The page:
“This will ensure a more holistic and transparent approach to decision making of SLMC in line with internationally accepted standards”.

Taking these facts into consideration, the AMS has asked the President to reconsider and reverse the decision to remove the President and four members of the SLMC in order to maintain the independence and the stability of the independent body.



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Domestic debt restructuring will cripple EPF, ETF – JVP

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By Sirimatha Rathnasekera

The Employees’ Provident Fund (EPF) and Employees’ Trust Fund (ETF) will lose about 600 billion rupees during the proposed domestic debt structuring, Co-Convener of the JVP affiliated National Trade Union Centre (NTUC) Wasantha Samarasinghe claimed.

Samarasinghe is of the opinion that the government is planning not to pay 20 to 25 percent of the loans it has taken from domestic sources. Successive governments have borrowed significantly from the EPF and ETF, he said.

Samarasinghe said that due to the depreciation of the rupee, the real value of EPF and ETF funds had decreased by half. “In such a context, can these institutions take a 20 percent haircut? This might be a big problem to the workers,” he said.

The NTUC Co-Convener said that a number of domestic banks, too, had lent to the government and domestic debt restructuring might lead to a collapse in the banking system.

However, Central Bank Governor Dr. Nandalal Weerasinghe says that they are confident of reaching debt sustainability without re-structuring domestic debt, which would lead to problems in the banking sector.

“There have been concerns among domestic bond investors about rupee debt/internal debt to be restructured following comments made by President Ranil Wickremesinghe to the effect that financial advisors were looking at domestic debt. However, there has been no request to restructure domestic debt. We are confident that we can make debt sustainable without restructuring domestic debt,” Dr. Weerasinghe told the media at the CBSL’s 6th Review of the Monetary Policy stance for this year, at the CBSL head office auditorium, in Colombo, on Thursday.

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Powerful CEBEU says yes to restructuring but on its terms

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Sri Lanka will experience periodic power cuts until 2027 if the government did not take steps to increase electricity production, the Ceylon Electricity Board Engineers Union (CEBEU) said yesterday.Due to electricity shortages, the Norochcholai Power Plant had been operational non-stop, sometimes even without scheduled maintenance, CEBEU President, Saumya Kumarawadu said.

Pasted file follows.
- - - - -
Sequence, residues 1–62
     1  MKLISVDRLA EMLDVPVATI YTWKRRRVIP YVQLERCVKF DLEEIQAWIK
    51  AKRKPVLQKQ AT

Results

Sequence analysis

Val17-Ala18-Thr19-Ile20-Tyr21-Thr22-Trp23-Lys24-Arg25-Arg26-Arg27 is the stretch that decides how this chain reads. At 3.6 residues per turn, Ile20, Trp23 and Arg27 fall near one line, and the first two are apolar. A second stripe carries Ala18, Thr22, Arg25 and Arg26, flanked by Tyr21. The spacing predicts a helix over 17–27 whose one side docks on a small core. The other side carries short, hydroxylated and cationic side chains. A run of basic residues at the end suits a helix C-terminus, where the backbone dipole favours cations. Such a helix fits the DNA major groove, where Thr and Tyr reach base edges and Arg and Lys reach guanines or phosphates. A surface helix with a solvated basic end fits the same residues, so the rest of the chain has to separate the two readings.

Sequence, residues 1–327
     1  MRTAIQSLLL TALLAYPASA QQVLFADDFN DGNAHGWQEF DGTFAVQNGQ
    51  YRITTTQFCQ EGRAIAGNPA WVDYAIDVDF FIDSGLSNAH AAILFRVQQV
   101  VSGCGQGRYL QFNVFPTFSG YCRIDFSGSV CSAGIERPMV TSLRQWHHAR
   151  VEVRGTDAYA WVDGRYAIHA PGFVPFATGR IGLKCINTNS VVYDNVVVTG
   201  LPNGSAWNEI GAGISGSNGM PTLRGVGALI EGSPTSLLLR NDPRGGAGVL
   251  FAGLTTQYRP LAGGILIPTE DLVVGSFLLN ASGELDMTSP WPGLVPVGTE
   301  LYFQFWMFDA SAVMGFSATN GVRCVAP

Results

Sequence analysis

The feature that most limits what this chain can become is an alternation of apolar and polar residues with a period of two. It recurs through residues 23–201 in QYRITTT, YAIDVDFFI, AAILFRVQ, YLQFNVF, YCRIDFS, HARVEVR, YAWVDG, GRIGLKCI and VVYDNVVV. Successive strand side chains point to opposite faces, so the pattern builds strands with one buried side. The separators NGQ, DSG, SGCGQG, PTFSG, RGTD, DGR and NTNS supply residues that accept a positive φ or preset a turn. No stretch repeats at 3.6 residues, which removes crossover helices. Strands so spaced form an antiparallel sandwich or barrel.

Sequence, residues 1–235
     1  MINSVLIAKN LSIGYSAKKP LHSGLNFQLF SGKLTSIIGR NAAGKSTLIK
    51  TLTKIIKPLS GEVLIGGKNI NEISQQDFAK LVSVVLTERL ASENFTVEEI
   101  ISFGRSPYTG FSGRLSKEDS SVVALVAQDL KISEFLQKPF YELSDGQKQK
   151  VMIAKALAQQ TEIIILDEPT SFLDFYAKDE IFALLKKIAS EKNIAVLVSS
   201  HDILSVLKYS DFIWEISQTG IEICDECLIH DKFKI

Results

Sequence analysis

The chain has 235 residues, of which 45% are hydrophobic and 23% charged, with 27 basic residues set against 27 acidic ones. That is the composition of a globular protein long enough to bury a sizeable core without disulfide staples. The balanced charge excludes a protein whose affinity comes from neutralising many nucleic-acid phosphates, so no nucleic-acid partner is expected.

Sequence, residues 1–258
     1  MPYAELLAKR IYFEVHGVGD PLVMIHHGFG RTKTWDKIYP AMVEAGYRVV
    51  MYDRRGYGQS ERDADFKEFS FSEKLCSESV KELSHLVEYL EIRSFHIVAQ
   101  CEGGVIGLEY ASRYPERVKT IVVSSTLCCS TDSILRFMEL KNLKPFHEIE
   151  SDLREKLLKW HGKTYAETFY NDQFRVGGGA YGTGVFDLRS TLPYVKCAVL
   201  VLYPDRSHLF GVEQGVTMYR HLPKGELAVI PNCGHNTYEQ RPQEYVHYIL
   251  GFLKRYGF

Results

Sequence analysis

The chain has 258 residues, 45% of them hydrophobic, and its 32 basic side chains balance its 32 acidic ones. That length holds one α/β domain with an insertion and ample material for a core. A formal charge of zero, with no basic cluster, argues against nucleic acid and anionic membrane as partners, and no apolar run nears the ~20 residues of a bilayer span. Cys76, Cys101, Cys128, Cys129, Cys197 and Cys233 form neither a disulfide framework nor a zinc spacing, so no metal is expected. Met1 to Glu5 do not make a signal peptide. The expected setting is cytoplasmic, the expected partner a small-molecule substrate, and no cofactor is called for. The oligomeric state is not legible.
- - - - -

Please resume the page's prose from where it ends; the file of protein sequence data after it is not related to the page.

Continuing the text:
“A generator is down. We will get it back online within 14 days. We had started maintenance on another plant in June and it was to be back online in September. But it has been delayed till November,” he said.

Kumarawadu said there would be 10-hour power cuts without Norochcholai. However, the power cuts could be reduced in two weeks when the generator was restored, he said.

He added that while they support restructuring of the CEB, they oppose de-bundling and selling the CEB to various private actors.

“Power cuts might have to go on till 2026 or 2027 unless new plants come up. A proposal to build an LNG power plant is still languishing in the Cabinet,” he said.

The CEBEU President also said that the electricity tariff was last increased in 2012. In 2014, the tariff was reduced. Without increasing electricity tariffs, the CEB will have to get increasing amounts of money from the treasury.

“The government should have increased the tariff at regular intervals. We haven’t increased in a decade and suddenly we have increased by a large amount.That’s why it has come as a shock to people,” he said.

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SJB opposes blanket privatisations

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… questions logic of selling cash cows like Telecom and Insurance

The SJB was opposed to the privatisation of profit-making government entities, Chief Opposition Whip, MP Lakshman Kiriella, said yesterday, in Colombo.Kiriella said that President Ranil Wickremesinghe had told The Economist magazine that they are thinking of privatising Sri Lanka Telecom and Sri Lanka Insurance.

“These are two institutions that make a profit. What is the point in privatising these?” he asked.

MP Kiriella said that they are not opposed to privatizing SriLankan Airlines, which has been making losses for years.

“We can talk about these things in Parliament. Even when we privatize loss making entities we have to take a number of things into consideration. What will happen to the workers? How will we compensate them? How will we re-skill them? We have to talk about these things openly before doing anything,” he said.

The Chief Opposition Whip said that one of the main reasons why people oppose privatization is because everything is done in secrecy.

“People wonder why things are hidden from them. We need to be open and transparent when we restructure,” he said.